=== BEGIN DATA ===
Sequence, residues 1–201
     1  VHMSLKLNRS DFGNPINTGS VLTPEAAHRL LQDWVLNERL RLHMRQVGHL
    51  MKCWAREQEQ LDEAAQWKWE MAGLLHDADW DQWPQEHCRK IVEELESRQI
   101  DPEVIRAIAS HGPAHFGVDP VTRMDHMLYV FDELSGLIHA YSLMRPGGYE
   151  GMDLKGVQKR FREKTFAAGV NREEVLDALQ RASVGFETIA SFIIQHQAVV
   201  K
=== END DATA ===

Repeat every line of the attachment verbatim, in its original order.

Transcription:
Sequence, residues 1–201
     1  VHMSLKLNRS DFGNPINTGS VLTPEAAHRL LQDWVLNERL RLHMRQVGHL
    51  MKCWAREQEQ LDEAAQWKWE MAGLLHDADW DQWPQEHCRK IVEELESRQI
   101  DPEVIRAIAS HGPAHFGVDP VTRMDHMLYV FDELSGLIHA YSLMRPGGYE
   151  GMDLKGVQKR FREKTFAAGV NREEVLDALQ RASVGFETIA SFIIQHQAVV
   201  K